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The new Miami: a series of villages
Not so long ago, Miami-Dade was a story of east — the sprawling Beach — and a mainland of undifferentiated suburbs, centered by a central business district that shut down at 5 p.m. Today the county increasingly is coalescing around a series of urban villages or centers — compact, pedestrian-friendly places where people can live, shop or dine out, even work or go to school, with few or mercifully short trips by car. Here’s a look at some of the county’s burgeoning neighborhoods.
Four years ago, the annual Christmas parade in downtown Homestead was a hard sell.
“If I had 300 people show up to an event I was thrilled,” said Yvonne Knowles, executive director of Homestead Main Street, a nonprofit dedicated to the revitalization of the city’s downtown. But the past few years have seen no fewer than 1,000 attendees to the annual parade. Even the pandemic did little to dampen the renewed enthusiasm, with cars lining up for blocks last Christmas for a drive-by parade.
For Knowles, the reason is obvious. Downtown Homestead is in the middle of a renaissance.
“We’re now seeing the fruits of our labor,” said Kametra Davis, executive director of the Homestead Community Redevelopment Agency.
The latest projects to hit downtown Homestead have ushered in increased foot traffic, particularly from families with young children, Davis said. A state-of-the-art library that blends tech and literacy is the world’s first Cybrarium and opened in March. Alongside the two stories of books, kids can play virtual reality video games and build models using 3D printers. Open on Sundays — a rarity for a library — it’s become a major draw for families on the weekends.
The library is a mere block away from Homestead Station, the public-private retail partnership that houses a transit center, 1,000-space parking garage and Florida’s first ShowBiz Cinemas. The national chain brought a movie theater, bowling alley and arcade to the heart of downtown in late 2019.
“Pre-Covid, it was packed all the time. The arcades were full of people; every bowling lane was taken – everybody’s birthday party was there,” said Lianna Reynolds, co-director of Paramount Dance Studio.
Reynolds opened the studio in downtown Homestead’s main street in 2018, drawn to the up-and-coming and cost-efficient location.
“We noticed Miami was very saturated and there was a huge need in the Homestead area for an arts facility catering to minorities and kids,” said Reynolds. She and her sister Ashley Eulette bought the 10,000 square-foot building that drew nearly 400 students ages 3-18 learning anything from jazz to ballroom before the pandemic. The space has three storefronts available for commercial use. A coffee shop will soon be one of Reynolds’ tenants, adding another food option to the collection of Mexican restaurants that dot the North Krome Avenue stretch.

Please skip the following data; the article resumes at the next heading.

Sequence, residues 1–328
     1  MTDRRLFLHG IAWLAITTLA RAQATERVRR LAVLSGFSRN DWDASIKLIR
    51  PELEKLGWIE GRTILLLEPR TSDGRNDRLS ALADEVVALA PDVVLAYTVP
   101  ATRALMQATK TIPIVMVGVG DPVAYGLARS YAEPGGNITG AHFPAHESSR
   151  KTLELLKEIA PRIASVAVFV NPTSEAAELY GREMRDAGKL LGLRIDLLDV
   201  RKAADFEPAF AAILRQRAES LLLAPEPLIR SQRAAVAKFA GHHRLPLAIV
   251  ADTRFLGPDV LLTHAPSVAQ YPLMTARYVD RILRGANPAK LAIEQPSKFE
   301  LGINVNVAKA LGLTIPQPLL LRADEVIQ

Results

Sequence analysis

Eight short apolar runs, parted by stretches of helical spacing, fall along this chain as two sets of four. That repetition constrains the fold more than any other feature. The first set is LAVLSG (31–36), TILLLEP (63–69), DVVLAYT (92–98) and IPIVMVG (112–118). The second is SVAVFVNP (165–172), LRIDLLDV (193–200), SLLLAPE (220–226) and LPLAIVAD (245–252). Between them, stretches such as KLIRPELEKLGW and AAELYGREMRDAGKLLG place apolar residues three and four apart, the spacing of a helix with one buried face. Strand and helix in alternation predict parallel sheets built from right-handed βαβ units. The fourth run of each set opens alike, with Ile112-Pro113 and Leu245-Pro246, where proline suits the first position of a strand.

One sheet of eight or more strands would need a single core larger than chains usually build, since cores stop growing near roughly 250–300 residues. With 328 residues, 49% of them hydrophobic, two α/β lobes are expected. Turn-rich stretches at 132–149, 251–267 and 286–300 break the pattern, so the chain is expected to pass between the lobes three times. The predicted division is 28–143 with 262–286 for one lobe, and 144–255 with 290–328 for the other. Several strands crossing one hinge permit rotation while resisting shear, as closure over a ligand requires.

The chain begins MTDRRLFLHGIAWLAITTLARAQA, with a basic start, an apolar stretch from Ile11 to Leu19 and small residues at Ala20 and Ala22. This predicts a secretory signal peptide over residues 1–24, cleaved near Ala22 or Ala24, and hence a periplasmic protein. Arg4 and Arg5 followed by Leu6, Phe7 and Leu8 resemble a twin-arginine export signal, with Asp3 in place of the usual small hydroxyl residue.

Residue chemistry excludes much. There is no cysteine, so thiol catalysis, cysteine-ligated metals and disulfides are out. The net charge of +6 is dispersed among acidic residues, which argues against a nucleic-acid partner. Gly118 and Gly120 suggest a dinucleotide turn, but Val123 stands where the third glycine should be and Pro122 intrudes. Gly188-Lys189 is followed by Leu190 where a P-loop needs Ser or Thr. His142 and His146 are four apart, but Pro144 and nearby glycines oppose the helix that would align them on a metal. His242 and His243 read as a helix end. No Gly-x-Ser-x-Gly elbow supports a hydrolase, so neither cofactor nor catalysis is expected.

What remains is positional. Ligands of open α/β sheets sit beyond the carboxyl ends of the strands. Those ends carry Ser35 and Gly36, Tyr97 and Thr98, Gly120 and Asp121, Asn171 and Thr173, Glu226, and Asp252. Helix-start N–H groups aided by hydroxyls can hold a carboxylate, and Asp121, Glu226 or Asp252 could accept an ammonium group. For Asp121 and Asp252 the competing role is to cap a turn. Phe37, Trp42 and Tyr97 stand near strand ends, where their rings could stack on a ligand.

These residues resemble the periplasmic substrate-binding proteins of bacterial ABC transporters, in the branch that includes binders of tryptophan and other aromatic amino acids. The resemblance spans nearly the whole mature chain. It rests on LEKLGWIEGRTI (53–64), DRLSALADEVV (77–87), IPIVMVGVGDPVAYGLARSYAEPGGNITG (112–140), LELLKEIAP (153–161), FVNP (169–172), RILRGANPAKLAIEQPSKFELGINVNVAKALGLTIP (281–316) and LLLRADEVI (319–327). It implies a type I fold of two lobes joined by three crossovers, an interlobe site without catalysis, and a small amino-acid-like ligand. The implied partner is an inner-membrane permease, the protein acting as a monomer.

Despite the quiet that’s once again overtaken downtown throughout the pandemic, signs of triumph have sprouted. There’s the “We’re back” sign at the Seminole Theatre – once shuttered for four decades before it was refurbished and reopened in 2015. On a recent Saturday, a crew of more than two dozen volunteer actors ran through a dress rehearsal for “Legally Blonde Jr.,” the first production in over a year after the pandemic shut down an active season.
“When they come down here, people always say ‘I did not know this existed,’” said Francisco Navarro, an active duty master sergeant at the Homestead Air Reserve Base who volunteers as the theatre’s “shop wizard.” He and a crew of volunteers have built sets that have transformed the Homestead stage into New York City for a production of Lin Manuel Miranda’s “In the Heights” and ancient Egypt for an award-winning production of “Aida.” This summer, the theater will turn into Paris for “The Hunchback of Notre Dame.”
Paint swatches adorn the outside wall of a new antique shop set to open. A “coming soon” sign boasts the upcoming expansion of Losner Park; the once-quaint park will triple in size with designs from Sasaki Associates, a Massachusetts firm that headed the urban planning of the 2008 Beijing Olympics’ main venue. At the now-quiet ShowBiz, families and couples scattered along the bowling lanes.
“It’s our first time here,” said Nadya Cramer, who brought her two young children to the lanes after they tired of being cooped up at home in Key Largo. It won’t be the last time she brings them, said Cramer. It’s a closer drive for her than the few other bowling alleys in the county.
A bypass completed earlier this year to redirect traffic from trucks carrying the zucchinis and tomatoes grown in the surrounding area will soon alleviate noise and congestion downtown. City officials hope the move will make way for outdoor dining and a more pedestrian-friendly district. The project is the latest in a six-year, $260-million expansion and upgrade to Krome Avenue.